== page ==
The cause of this is a very active vagal tone, resulting in bradycardia. As I’m certain many of you are aware, this is a condition that would almost certainly (correct me if I’m wrong) require pacemaker intervention in elderly patients, but in the case of athletes, this bradycardia is due to an increased stroke volume which means the required workload of the heart is decreased. All well and good whilst one is in training, but what if this lower HR did not ‘reset’ to within the normal parameters once training had ceased? I don’t think I’m incorrect in assuming that this would lead to the same treatment a non-athlete, former or otherwise, would receive anyway, regardless of any prior level of fitness.

There is in fact a 2007 study by Baldesberger et al, that suggests this is indeed the case.

Published in the European Heart Journal and found in full here: http://eurheartj.oxfordjournals.org/content/29/1/71 it is shown that there is a statistically significant increase of sinus node disease in the tested former cyclists when compared to the control group, in this case golfers.

Interestingly, I have stumbled across a British Heart Foundation- funded study run in part by the University of Manchester, that they feel suggests the increased presence of arrhythmias in athletes is due to molecular changes as oppose to increased activity in the autonomic nervous system.

The study in rodents showed a decrease in HCN4, a protein found in the mammalian SA node. In humans, a mutation in the HCN4 gene is sometimes found in patients exhibiting sick sinus syndrome and in those who display bradycardia, so the teams behind this study believe that if they can replicate the rodent’s results in humans, it will help us understand arrhythmias that endurance athletes often suffer in later life.

The published study can be found here: http://www.nature.com/ncomms/2014/140513/ncomms4775/full/ncomms4775.html

I’ll answer my second question, “if so, what is the cause?” with an obligatory “je ne sais pas”, but it’s clear that we are edging ever- closer to an answer. Of course, whether that answer is due to molecular changes, or nervous ones remains to be seen.

Either way, it is stated by the team at the University of Manchester that although endurance training can have harmful effects on the heart, these effects are more than outweighed by the benefits.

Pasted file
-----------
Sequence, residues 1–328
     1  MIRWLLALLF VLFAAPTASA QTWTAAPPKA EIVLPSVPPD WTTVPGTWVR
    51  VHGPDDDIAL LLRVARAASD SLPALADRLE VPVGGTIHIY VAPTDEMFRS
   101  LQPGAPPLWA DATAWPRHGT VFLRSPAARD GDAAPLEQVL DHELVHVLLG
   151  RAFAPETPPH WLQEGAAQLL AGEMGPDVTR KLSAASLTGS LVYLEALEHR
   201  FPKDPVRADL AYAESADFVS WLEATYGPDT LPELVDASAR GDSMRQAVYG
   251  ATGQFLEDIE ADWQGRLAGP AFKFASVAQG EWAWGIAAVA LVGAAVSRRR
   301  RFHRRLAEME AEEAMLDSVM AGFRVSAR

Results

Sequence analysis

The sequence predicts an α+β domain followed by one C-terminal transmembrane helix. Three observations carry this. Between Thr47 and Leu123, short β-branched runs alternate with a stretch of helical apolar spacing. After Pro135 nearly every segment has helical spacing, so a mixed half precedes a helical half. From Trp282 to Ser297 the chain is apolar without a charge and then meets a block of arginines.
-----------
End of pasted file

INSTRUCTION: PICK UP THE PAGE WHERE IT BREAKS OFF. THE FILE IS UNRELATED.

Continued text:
As an added bonus, here is a short video by Sarah Pratt showing some common differences in an athlete’s ECG (in this case the featured athlete is the NHL’s Tobi Rieder *!*) compared with that of the rest of us. Enjoy!

As ever, if I’ve missed anything, or am just plain wrong about any part of this piece, sound off in the comments below and I’ll do my best to rectify this.

Thanks!

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Have You Ever Tested A Robot?

I haven’t. That part comes in a few weeks.

I have, however, BEEN the robot in question, as today, I provided the voice and cardiac controls in my university’s simulation suite.
My peers performed ECGs on a rather frightening, dead-eyed humanoid that was, unbeknownst to them and in ME
conjunction with my voice, being used as a conduit for a scenario pertinent to our learning. That’s me on the right, there, next to my control station (a closer view makes up the header for this post) which allowed me to alter heart rate, breathing rate, create a whole host of arrhythmias and not only see my colleagues, but speak to and hear them as well.

I was a patient named Christopher Smith who had been admitted to A&E. That was all the information that had been supplied, barring my NHS number and date of birth. It was the job of my fellow students to check three patient identifiers, get a brief idea of what was wrong with me and to perform an ECG accordingly, with a brief assessment of the adjustments needed and that of the trace itself.